If it’s on your form, it can be used in an aggregation
That’s a fancy way of saying that if you have a field on a form that is capturing some values, those values can be grouped and displayed in a key performance indicator (KPI) block on your XForms dashboard. Listboxes, checkboxes, numeric fields, and even text fields can be used in aggregations.
You can display the following types of aggregations in your KPI dashboard:
- Count (used for grouping “like” values)
- SUM (used to total a numeric value)
- MIN (displays the minimum numeric value)
- MAX (displays the maximum numeric value)
- AVG (averages the numeric values)
The “Count” aggregation is the most common type. It’s sort of like a grouping metric, where like values are grouped, and then dsiplayed in the KPI block. This aggregation type is mostly used for listboxes and checkbox fields (to group checked vs unchecked), but can also be used with text and numeric fields. A word of precaution when using “Count” for text fields: when users fill out plain text fields, its easy to enter something differently for the same thing. For example, one field user might enter “Acme, Inc.” while another might enter “Acme Inc”. The former has a comma and a period, the latter does not. So the system will treat these as two separate values, not the same value.
In the screenshot below, take a look at the 2nd KPI block from the left on the top row. This is an aggregation for Projects. That is, it will display the number of different projects selected from the dropdown menu on the Well Sampling form for the date range selected in the “Period” selector in the top block of the page. Notice a small arrow (–>). This tiny white arrow denotes that this is a COUNT aggregation. When you click on the block, the pie chart to the right will reload and display the different values for that block. In the example below, it displays the 12 different projects for the time period selected. Click on any pie chart slice or project name below the pie chart, and you will be taken to the Forms screen filtered for that specific project.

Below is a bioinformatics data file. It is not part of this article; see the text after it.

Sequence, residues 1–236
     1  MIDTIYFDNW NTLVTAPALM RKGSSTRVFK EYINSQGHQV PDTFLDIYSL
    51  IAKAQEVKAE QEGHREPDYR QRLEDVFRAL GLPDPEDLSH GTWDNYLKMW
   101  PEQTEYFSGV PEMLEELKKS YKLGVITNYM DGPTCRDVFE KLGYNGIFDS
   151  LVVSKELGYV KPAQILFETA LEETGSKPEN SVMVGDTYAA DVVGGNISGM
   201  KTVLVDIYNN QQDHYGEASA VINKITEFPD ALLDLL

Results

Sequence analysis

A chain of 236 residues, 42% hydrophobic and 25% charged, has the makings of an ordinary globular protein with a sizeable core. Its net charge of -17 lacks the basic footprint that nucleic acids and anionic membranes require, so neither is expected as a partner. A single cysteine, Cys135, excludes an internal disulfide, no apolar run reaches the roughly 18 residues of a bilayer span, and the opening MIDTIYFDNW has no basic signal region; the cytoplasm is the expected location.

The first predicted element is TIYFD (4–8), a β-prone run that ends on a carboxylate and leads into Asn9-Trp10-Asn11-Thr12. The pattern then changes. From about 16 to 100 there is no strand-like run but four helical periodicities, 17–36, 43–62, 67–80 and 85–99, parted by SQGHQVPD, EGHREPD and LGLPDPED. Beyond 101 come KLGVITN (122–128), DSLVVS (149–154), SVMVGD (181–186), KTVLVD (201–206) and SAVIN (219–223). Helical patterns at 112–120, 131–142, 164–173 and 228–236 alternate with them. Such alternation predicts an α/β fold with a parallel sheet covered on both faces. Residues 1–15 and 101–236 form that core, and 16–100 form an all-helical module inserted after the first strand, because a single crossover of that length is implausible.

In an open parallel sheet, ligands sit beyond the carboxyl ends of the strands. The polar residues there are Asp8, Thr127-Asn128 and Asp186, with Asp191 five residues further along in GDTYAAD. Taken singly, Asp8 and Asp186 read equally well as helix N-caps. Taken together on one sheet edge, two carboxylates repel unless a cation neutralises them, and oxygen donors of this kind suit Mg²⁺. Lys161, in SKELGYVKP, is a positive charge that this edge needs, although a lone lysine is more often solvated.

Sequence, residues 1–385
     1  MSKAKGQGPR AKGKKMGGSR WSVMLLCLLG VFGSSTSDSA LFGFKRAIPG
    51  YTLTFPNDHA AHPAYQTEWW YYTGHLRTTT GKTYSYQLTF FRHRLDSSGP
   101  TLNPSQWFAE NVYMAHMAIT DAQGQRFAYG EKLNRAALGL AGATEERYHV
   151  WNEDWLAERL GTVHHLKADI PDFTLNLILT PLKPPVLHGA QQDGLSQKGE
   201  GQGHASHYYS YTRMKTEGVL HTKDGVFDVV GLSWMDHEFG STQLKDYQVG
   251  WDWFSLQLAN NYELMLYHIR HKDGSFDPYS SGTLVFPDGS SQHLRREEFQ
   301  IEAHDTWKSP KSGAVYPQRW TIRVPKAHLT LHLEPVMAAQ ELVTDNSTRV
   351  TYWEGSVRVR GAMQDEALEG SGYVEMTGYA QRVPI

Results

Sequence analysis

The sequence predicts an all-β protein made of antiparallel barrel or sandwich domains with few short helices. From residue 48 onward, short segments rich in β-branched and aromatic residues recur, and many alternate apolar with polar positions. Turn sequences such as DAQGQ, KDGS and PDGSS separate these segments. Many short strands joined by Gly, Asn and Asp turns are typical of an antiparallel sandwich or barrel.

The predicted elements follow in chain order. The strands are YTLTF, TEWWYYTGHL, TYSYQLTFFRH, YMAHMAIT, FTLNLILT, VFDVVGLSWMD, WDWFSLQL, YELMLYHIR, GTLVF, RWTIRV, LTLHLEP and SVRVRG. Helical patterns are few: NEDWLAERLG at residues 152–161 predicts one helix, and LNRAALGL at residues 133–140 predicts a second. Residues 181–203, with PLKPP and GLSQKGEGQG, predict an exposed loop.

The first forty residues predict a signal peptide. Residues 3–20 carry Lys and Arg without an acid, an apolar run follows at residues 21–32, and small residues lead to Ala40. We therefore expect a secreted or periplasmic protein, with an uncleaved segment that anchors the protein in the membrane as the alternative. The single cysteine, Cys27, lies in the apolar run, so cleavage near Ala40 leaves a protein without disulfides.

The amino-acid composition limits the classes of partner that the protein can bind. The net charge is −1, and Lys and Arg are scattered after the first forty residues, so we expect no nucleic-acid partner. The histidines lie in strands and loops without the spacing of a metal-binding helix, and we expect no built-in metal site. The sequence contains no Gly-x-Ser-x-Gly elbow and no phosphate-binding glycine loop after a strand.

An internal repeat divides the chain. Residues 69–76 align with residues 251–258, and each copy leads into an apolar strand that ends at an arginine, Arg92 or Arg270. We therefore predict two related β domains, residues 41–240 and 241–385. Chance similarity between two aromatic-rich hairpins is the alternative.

Here’s what this looks like live:
SUM, MIN, MAX, and AVG are used solely for numeric fields. SUM displays the sum total of the values in the field for all the submitted forms in the range of forms selected. MIN displays the minimum numeric value in the field for all the submitted forms in the range of forms selected. MAX displays the maximum value in the field for all the submitted forms in the range of forms selected.
What about table grids?
Since table grids have multiple rows that often are dynamic, displaying specific cells in the dashboard KPIs is currently not possible. Doing that would mean having to define each cell in the table grid with a meaningful cell_id, and then knowing which cell_id to display in the dashboard KPI block. Yes, it can be done, but no one is beating down our door asking us to build this sort of thing. So….
Rather than tackling the above complexity, we’ve implemented something simpler: you can create an aggregation in a table footer column by using the same types of aggregations (Count, SUM, MIN, MAX, and AVG) for a specific column or columns. And you can even filter the COUNT to count the number of times a specific value was entered into a column.
Here’s a quick look at that in the form template designer tool. In the example below, we’ve created a Water Levels table that is used to collect depth to water in a monitoring well, the presence of free product in that well, and the depth to product if there’s product in that well. The footer is enabled, and if you look closely, the FP? column is a checkbox field that the field tech can check as TRUE if they encounter free product in the well. That column has an id of “fp” and in the footer field, there is a small formula like this: “=count(Yes)”. This means that the footer aggregation for that column will display the number of times that that field has been checked, in essence giving us the ability to determine how many wells had free product in them during the well tagging event for that project.
Here’s what that water level form looks like in runtime in the reporting dashboard and KPI blocks. Notice in the KPI blocks that it counts the number of wells that had free product in them (in the example below, 7 water level forms have been submitted, with 53 total wells tagged, and 8 of them exhibiting free product). This is pretty good information that’s available right at your fingertips with just a few clicks.
Notice also that when you click on the PDF icon for a specific form in the Forms screen, you can also see the count value counting the number of times free product was encountered in wells for that specific water level gaugng event.
So there you have it. While it takes a little bit of effort to set up, you can pretty much track anything you capture in XForms, in a simple and easy to understand drill-down dashboard.
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